Wednesday, June 27, 2012


Last time I mentioned several questions I was struggling with and talked about David’s position of honor in God’s eyes.  I also mentioned that I have a problem with liking Solomon.  I don’t like him.  I always feel guilty about that, but I think there is quite a bit of evidence that God did not like him either, eventually.  So today I wish to discuss this topic in the understanding that I am only sharing what I am thinking, not trying to change your mind about anything; except things in our own lives that depict how we really feel about our God and show others who we think He is.

Therefore I have taken some extra time to study the issues I have by digging into study notes on Solomon in 1 Kings and 2 Chronicles, as well as some outside study sources and I found a few things that help me understand my own reaction to Solomon.

The first and possibly most important is about how Solomon can be considered such a wise man, when he made so many unwise choices.  The study notes indicate that the chronicler (who wrote the Chronicles) tied the wisdom sought and given directly to the building of the temple.  David had requested that God give his son Solomon “the whole hearted devotion to keep your commands, requirements and decrees and to do everything to build the palatial structure (temple) for which I have provided.”  Then Solomon answered God’s inquiry as to what he needed and wanted from God with the request to be given “wisdom and knowledge, that I may lead this people…” 

In Kings, the first thing Solomon does is marry the Egyptian Princess; this was a sin, for all leaders of God’s people were forbidden to marry foreigners.  Not a wise choice and the roots of his later failure to worship only the one true God.  But meanwhile God was with Solomon, giving him the guidance he needed to build the temple to exactly what God wanted it to be.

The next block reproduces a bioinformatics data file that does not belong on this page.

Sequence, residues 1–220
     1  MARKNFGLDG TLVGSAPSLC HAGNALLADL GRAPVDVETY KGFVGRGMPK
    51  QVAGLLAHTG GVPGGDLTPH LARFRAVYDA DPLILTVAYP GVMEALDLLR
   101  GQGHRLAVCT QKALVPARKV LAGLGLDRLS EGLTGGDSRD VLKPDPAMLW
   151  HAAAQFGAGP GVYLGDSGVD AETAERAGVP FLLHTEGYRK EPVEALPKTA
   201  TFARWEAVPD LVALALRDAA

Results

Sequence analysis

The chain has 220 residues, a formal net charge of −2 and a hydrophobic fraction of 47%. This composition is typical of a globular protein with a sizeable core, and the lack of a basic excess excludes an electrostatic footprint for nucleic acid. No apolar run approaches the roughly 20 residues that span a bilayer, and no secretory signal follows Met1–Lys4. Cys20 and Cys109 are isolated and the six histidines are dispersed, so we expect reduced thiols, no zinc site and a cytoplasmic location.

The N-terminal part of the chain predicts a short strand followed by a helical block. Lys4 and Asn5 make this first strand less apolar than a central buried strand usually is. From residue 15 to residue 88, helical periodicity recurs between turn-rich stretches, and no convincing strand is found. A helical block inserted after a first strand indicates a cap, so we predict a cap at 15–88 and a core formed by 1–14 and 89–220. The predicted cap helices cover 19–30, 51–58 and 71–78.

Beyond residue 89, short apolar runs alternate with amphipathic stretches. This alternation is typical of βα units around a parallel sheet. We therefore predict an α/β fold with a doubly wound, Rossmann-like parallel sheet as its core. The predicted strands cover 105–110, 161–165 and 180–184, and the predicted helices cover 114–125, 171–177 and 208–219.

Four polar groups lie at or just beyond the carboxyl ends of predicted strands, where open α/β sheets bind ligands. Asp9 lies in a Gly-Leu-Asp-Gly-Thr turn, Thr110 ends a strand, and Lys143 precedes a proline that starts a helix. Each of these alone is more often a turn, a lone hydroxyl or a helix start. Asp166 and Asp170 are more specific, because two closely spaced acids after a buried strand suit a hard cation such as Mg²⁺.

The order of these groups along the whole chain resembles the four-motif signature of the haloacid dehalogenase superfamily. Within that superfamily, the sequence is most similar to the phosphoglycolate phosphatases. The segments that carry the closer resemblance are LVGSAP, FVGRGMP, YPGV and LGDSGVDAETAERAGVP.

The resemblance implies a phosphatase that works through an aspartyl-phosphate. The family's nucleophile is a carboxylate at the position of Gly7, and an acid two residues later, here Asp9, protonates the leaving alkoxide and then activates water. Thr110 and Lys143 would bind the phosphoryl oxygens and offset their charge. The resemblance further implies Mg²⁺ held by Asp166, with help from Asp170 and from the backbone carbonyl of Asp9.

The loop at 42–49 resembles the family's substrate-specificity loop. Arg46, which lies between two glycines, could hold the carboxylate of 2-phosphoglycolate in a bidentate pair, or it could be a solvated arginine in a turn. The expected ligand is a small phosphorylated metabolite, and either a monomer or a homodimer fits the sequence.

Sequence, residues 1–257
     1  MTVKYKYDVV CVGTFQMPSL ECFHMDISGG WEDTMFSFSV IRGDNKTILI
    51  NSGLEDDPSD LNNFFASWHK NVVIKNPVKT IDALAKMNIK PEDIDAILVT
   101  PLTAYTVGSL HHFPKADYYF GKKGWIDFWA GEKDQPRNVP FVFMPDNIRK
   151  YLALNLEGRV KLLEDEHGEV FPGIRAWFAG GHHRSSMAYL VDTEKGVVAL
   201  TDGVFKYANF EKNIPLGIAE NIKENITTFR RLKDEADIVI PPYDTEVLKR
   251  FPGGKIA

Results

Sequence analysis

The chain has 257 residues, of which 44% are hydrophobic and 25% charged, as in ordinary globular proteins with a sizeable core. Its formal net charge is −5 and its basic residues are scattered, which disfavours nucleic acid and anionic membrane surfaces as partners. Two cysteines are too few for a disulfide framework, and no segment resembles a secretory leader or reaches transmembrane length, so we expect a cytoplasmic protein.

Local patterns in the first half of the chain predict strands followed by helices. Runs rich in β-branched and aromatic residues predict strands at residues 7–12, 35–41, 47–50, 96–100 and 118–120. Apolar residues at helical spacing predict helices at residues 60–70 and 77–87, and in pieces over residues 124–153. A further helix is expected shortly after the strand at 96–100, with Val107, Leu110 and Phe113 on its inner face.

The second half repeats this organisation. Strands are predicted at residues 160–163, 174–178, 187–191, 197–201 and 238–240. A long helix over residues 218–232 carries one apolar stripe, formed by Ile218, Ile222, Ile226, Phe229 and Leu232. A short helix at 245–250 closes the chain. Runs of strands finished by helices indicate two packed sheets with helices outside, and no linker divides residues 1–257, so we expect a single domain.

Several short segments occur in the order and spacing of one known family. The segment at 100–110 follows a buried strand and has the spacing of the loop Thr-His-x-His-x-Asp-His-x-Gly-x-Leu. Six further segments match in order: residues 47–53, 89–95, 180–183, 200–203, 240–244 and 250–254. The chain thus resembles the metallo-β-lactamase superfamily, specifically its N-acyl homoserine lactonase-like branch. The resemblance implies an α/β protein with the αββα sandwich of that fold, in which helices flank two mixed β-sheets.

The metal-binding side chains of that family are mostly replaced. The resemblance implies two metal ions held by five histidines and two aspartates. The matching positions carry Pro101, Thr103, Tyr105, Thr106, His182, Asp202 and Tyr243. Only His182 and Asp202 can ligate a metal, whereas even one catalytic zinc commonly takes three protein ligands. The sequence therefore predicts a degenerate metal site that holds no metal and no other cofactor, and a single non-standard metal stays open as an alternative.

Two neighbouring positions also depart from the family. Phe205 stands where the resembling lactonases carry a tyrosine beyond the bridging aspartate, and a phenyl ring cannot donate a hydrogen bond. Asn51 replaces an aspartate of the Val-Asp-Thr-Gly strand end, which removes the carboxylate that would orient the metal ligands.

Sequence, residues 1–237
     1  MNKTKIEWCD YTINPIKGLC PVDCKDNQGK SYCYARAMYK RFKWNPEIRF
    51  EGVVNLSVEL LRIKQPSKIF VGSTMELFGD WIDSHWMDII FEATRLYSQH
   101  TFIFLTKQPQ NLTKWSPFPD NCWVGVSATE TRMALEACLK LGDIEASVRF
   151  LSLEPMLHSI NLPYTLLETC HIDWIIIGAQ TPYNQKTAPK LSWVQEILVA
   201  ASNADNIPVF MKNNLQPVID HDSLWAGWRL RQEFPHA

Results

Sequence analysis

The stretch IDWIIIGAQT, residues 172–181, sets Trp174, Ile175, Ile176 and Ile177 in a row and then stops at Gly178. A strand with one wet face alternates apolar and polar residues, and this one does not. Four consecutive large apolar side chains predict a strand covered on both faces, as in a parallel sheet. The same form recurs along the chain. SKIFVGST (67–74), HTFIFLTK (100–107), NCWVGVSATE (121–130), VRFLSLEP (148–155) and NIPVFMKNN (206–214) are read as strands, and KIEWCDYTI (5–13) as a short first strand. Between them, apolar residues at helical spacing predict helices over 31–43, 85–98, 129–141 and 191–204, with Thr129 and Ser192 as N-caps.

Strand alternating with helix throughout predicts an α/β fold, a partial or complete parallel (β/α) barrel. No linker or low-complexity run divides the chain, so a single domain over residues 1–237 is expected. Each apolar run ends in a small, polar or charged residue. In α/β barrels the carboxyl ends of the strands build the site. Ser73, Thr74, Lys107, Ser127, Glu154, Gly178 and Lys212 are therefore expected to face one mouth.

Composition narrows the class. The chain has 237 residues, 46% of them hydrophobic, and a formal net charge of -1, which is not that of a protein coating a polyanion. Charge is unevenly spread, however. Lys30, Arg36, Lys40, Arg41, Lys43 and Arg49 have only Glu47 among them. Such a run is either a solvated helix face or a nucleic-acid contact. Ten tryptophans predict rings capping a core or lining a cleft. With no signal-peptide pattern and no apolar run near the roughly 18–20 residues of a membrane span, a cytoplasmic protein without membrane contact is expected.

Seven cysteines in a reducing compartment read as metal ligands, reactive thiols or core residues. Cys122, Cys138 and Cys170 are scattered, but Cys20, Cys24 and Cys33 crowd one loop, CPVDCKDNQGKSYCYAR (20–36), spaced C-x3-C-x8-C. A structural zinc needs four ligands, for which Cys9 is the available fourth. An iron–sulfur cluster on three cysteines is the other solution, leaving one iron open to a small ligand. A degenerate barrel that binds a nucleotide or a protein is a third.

This reminds me of David and the fact that he was “a man after God’s own heart”, even though He had sinned greatly.  He and Solomon both refused to worship any other gods.  This was wise.  Sources I have read also relate that Solomon “did right in his youth (say, the first 20 years…) and then did evil in his old age.  This is not surprising in that he married at least 700 wives and had 300 concubines, all of whom were foreigners in the land and who worshiped other gods.  The evil of his later life was that he followed his women into worshiping false gods.  He also, apparently, made the northern tribes something like slaves with all the taxes he put upon them to support the Kingdom of Judah and him.

Meanwhile he had followed another of David’s failures in that he did not raise up his sons in the way they should go and they did not go that way.  I feel that much of the other three books attributed to Solomon show us that very thing: He tries to show the error of his ways through advice that comes too late.  (This is a very personal interpretation, so don’t use it as fact.)

Anyway, my own personal reaction to Solomon is that he was a womanizer.  There was a womanizer in my life and I cannot get memories of that out of my mind when I read about Solomon and all his women.  Can you even begin to imagine what life was like for those women who fell in love with him (or not) and then were tossed aside as he found new wife after new wife, 1000 times?  I am quite overwhelmed by the horrible lust that brought this about.  This is not the action of a wise man.  But God gave him wisdom and he chose to ignore it in his personal life.  Personally, I have done that and still do.  That is not a good thing.

This whole story reminds me of a man who was teaching marital counseling and said that when he was asked to counsel anyone thinking of dating or marrying a non-believer he would always ask them to ask themselves this important question:  “Is this person drawing me closer to God or further away from Him?”  Perhaps considering this question would have helped the wise Solomon to make better choices in life.  Perhaps considering that question would help us to make better decisions ourselves, whether about people or activities.  All too often we come up with “but” I could be useful to God in this situation.  That is wrong.  God does not want to use us in situations that are dangerous for us:  thus the commandments and laws to keep ourselves clean, and the directions to the Israelites to clean out the country as they moved in, getting rid of the influence of those who worship other gods.  And, thus, His directions to us to not be unequally yoked together, whether in life ties or favorite activities.

And, FYI, today is laundry day for me and I do not actually sort my laundry.  It all gets put in one load because I am cheap and I do not want to spend the extra money for two loads unless I have some extra household things to wash.  Thus, certain items in my laundry come out gray after a few washes.  There is a lesson there somewhere. :)

Thanks for listening and I pray that we will all be more aware of the influence our activities and other people have on us so that we may wisely guard ourselves against the corruption of false gods in our own lives. Have a great day.

Monday, June 18, 2012

Q & A